Tuesday, May 6, 2014

Making the Aliyah Story Real -- Shutafut Partnership

When I was 14, I came across Leon Uris's book Exodus and my life was changed forever. I identified with the history, the struggles, and the exhilaration of the people who made their way to the Land of Israel to build the country and work to create the state. I decided then and there that I would live in Israel. 
My aliyah differed significantly from that of the late 19th century halutzim , even though I was a founding member of a new kibbutz for a while. We did move some rocks and bicker over ideology but we had plenty to eat and comfortable living accommodations. The only thing that I needed from "back home" was tuna fish and chocolate chips (novelty items in Israel in the mid-'80s).
Aliyah isn't a step that everyone can take, but it's still a concept that speaks to the imagination and longing of Jews worldwide. To give youngsters a sense of the magic and feeling of wonderment that aliyah engenders, JETS uses online tools to help them develop an understanding of why so many individuals are prepared to uproot their lives in order to be a part of the Jewish country.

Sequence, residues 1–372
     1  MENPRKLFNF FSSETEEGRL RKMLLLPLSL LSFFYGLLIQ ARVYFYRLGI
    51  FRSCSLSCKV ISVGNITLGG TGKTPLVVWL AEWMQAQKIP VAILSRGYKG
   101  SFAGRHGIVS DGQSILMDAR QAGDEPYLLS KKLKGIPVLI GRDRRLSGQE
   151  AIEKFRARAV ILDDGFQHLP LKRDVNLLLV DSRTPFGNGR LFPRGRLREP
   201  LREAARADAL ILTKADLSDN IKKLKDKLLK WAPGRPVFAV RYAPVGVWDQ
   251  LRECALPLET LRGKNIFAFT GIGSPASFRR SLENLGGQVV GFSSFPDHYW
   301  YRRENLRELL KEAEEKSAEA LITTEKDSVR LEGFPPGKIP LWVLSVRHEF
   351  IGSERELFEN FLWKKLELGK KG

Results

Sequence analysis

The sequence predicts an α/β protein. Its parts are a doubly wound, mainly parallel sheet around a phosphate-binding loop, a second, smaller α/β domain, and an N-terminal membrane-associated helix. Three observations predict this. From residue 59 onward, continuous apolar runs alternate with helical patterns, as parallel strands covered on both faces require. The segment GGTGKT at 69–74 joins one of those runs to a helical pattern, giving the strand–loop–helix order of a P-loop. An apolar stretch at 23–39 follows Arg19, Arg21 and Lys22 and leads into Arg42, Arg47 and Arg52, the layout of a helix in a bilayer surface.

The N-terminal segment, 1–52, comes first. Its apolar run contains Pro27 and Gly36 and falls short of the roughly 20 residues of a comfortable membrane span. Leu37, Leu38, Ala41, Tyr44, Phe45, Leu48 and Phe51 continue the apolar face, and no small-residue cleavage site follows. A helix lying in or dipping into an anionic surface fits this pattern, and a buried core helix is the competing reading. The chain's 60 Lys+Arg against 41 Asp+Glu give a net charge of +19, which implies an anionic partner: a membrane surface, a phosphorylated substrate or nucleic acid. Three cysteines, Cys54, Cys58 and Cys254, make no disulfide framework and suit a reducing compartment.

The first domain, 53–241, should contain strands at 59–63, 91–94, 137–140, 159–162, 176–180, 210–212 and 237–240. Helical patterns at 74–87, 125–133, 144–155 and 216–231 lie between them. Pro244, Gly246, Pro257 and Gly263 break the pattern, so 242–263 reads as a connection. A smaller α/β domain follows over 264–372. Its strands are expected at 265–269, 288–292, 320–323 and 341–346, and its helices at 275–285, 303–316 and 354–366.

Throughout the year, the TALI Shutafut program has been building towards the highlight of the year – the opportunity for the Israeli and American students to join together in their celebration of Yom HaAtzmaut.
After building up to the aliyah unit with units that examined the ethnic origins of Jews around the world and the challenges facing Diaspora Jewish communities, the May Tali unit is focusing on an overview of the reasons that Jews choose to make aliyah, the challenges that they face, and the aliyah stories of different ethnic groups.

The aliyah unit encourages the American and Israeli partner-classes to join together to examine some of the reasons that Jews make aliyah, despite the difficulties. Special emphasis is placed on the impact of Ethiopian Jewish aliyah, both on Israel and on the Ethiopian Jewish olim themselves. 

The students are also given the opportunity to consider the concerns that making aliyah raises such as moving to a new land with a new language that is far away from family and friends.

The unit concluded with inspiring personal aliyah stories that underscore the unique connection that Jews of all backgrounds, ethnicities, ages and religious affiliations feel for Israel.

No comments:

Post a Comment